The Future of Work Podcast With Jacob Morgan | Futurist | Leadership | Workplace | Careers | Employee Experience & Engagement |

Most, if not all, of us have smartphones these days and we all have our favorite apps. Whether you like to use Instagram, Pandora, Google Maps, or Ebay, “there’s an app for that”.

You may have noticed that every once in awhile your apps will update. Just like the apps on your smartphone, we--as individuals, leaders and employees--need to constantly update ourselves. We have to master learning how to learn so that we can keep our skills up to date. This is the way to succeed in the future of work and the way to futureproof your career.

What kind of an app are you and how often are you taking time to update your skills?

Direct download: Think_of_yourself_as_an_app.mp3
Category:Business -- posted at: 2:31am PDT

Last week I went to social media to find out what your questions are related to leadership, employee experience, and the future of work. You asked and now today, I answer.

The following questions are the ones I am addressing on today’s episode:  

  1. Often leaders are on the fence about investing in employee experience, especially when it requires outside support or consulting. What are the top 3 things you've heard from leaders that have pushed them to actually take action on an employee experience shift?
  2. Would you make any changes to your top 5 soft skills for the future (perpetual learning, accountability, empathy, self-awareness, entrepreneurial thinking) if you were to create the list at this moment again?
  3. What are the top 5 hard skills that will be relevant in the future? Now, it seems it is programming, however, a lot of it will be probably replaced by AI, therefore what hard skills will be the most relevant in the future?
  4. If you were responsible for employee engagement and happiness in a company, what would be the first three initiatives or actions you would take at this position? Let's assume the company culture is not yet defined and we are talking about a corporation.
  5. How fast the “ask for feedback, analyze, and respond” process has to be? We’re used to annual surveys and I understand it’s no longer possible to respond annually, but what is a good timing? 3 months, 1 month, 2 weeks?
  6. I am lucky to be at a firm thinking about the future of work and upskilling, but what advice would you give those employees or orgs who are not early adopters to start thinking about the future of work?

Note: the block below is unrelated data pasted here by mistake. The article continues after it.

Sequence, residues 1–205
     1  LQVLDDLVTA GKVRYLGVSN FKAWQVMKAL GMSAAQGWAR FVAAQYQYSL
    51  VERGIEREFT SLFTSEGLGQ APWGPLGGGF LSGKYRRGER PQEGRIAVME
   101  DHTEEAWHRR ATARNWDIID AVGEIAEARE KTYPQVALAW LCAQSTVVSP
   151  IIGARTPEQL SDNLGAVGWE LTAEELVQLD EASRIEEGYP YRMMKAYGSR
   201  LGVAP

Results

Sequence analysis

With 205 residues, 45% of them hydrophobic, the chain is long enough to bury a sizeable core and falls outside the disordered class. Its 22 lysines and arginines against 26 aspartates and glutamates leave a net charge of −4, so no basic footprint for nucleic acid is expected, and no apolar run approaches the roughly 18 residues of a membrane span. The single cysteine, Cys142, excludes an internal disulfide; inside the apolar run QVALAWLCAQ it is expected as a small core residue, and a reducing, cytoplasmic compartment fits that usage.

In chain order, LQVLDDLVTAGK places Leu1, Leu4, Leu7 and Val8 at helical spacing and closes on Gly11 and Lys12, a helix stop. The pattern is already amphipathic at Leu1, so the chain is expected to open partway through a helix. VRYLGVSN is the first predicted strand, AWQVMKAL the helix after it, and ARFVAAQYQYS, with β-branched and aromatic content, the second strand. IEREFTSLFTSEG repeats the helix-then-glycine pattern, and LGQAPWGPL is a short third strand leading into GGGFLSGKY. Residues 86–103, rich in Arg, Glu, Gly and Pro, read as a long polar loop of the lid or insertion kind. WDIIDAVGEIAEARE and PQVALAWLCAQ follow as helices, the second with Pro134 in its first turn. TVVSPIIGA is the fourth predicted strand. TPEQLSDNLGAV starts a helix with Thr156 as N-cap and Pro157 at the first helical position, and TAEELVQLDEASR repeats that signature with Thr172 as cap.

7. What are some tips to create a work environment where employees feel safe enough to share their thoughts and concerns with leadership before issues become major problems?
  8. You said in a recent podcast that being a good coach is the number one behavior of a great manager. What are some key steps to becoming a good coach?
Direct download: Q26A20Podcast20-2005.28.2019.mp3
Category:general -- posted at: 10:13am PDT

There are countless conversations, concerns, theories and ideas about the future of work. Will AI and automation take over? Will we experience major job loss? Will there be a ton of new jobs created? Will we all be on Universal Basic Income and be able to do whatever we want?

But what if the future of work is exactly the way it is now? What if in the future of work there is still a majority of workers around the world who don’t like their jobs, who are disengaged and who are not treated well by their organizations? This is something we need to think about and also consider a major concern.

We need to make sure that in the future of work we create jobs that are meaningful, organizations that are human, and work that we actually want to do.

Direct download: What_if_the_future_of_work_is_exact_the_same_as_it_is_now.mp3
Category:Business -- posted at: 6:15am PDT

Ed McLaughlin is the President of Operations and Technology at Mastercard, where he has worked for the past 14 years. In his current role Ed oversees all of Mastercard’s technology functions including the global network, processing platforms, information security, and technology operations.

As Ed points out, working in technology doesn’t mean he is sitting in a cubicle coding all day. Work in technology is very much a people centered role. “I think technology has always been people at its heart. What really matters is who are the people, and how well we use the stuff, how good we're at it, and how much we understand what all of that's for. Technology is always for a purpose, and it's people that give it that purpose. Yeah, I spend a lot of time. I still code every once in a while, but it's not the work of doing it, it's really working together to create the value that is. I think just about everything we do is either done through or with technology these days. It's just really how we make things, how humans work together.”